Mechanics' Union of Trade Associations
|Formation||9 October 1827|
|Legal status||Disbanded in 1837|
|Purpose||Representing workers as a class, not by craft. Advocacy for ten-hour day; engaging in political activism and workers' education.|
During the winter of 1826-1827, more than 800 Philadelphians were jailed in a debtors' prison as a consequence of not having paid off their loans. One anonymous prisoner working from his prison cell wrote an open letter, "To the Mechanics and Working-Men of the Fifth Ward, and those friendly to their Interests," describing the difficult work conditions suffered by working-class Philadelphians. The letter inspired a few outspoken writers to publish a widely circulated article demanding the workday be cut from twelve hours to ten hours. In June 1827, carpenters in Philadelphia struck for a 10-hour workday, agreeing to no reduction in wages. According to ExplorePAhistory.com:
|“||"When [the carpenters] stopped working, housing and business construction nearly halted. By August, bricklayers, painters, typographers, glaziers, and craftsmen in other trades had walked off their jobs or threatened to do so."||”|
By October, the protesters had established the Mechanics' Union of Trade Associations, the first trade union to cross craft lines.
Almost immediately, the organization set up its own advocacy newspaper, the Mechanics Free Press, and began providing benefits for its members and political candidates, "who will support the interest of the working classes." The Mechanics' Union of Trade Associations became a proxy of the united crafts in Philadelphia, independent of the increasingly popular Jacksonian Democrats. Members of the association became known as "workies", and ran numerous candidates for local offices while forging coalitions with other Anti-Jacksonian organizations who supported educational reforms and economic regulations favorable to Philadelphia's workers.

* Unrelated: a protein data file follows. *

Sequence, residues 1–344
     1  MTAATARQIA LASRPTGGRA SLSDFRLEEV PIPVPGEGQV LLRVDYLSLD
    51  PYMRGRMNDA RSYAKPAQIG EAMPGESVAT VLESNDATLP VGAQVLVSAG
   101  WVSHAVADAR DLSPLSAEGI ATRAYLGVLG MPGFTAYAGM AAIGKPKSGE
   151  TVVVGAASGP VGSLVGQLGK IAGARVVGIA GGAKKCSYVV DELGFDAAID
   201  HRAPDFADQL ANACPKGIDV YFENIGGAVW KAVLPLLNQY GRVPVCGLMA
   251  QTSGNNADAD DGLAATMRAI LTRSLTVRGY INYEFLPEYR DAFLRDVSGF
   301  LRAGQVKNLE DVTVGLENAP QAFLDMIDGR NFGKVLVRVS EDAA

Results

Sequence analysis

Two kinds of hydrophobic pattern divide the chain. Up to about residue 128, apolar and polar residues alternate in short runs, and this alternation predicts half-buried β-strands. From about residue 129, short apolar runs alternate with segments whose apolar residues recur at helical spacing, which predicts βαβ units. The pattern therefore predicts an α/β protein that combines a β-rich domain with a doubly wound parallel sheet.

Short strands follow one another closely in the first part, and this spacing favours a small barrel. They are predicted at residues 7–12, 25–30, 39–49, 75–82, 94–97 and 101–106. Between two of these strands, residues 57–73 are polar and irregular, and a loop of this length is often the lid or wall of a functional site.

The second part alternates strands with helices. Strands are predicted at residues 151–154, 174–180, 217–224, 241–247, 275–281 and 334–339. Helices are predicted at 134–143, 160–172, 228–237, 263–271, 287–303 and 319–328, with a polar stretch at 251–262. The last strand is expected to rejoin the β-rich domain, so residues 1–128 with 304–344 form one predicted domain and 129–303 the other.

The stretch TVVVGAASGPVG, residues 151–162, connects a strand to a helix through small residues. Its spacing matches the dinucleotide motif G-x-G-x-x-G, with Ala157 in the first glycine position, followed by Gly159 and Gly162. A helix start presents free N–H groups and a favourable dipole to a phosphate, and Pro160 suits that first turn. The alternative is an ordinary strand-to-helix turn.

In 1837, ten years after the original carpenter protests, dozens of industries achieved their greatest victory when the City of Philadelphia passed legislation prohibiting businesses from employing workers for more than 10 hours a day.
Loss of influence
The gains of the organization, however, were relatively short lived. Soon after the 10-hour workday legislation, the Panic of 1837 caused many businesses to declare bankruptcy, and the subsequent rise in unemployment effectively deactivated the Mechanics' Union.
Despite the relatively short lifespan of the Mechanics' Union of Trade Associations, future union leaders such as John Siney and William Sylvis looked to the Mechanics' Union for inspiration in the coal miners organizing movement. The organization also heavily influenced the idea of collective bargaining in the United States.
- Staff, Bookrags (14 December 2010). "Mechanics' Union of Trade Associations Summary". bookrags.com. Retrieved 7 March 2011.
- Pennsylvania, History (20 October 2010). "Mechanics' Union of Trade Associations Marker". explorePAhistory.com. Retrieved 7 March 2011.
- Pfingsten, Bill (25 July 2008). "Mechanics' Union of Trade Associations". hmdb.org. Retrieved 7 March 2011.
- Philip S. Foner, History of the Labor Movement in the United States: Volume 1: From Colonial Times to the Founding of the American Federation of Labor. New York: International Publishers, 1947.
- Helen L. Sumner, "Citizenship (1827-1833), in John R. Commons, et al., History of Labour in the United States: Volume 1. New York: Macmillan, 1918; pp. 167-332.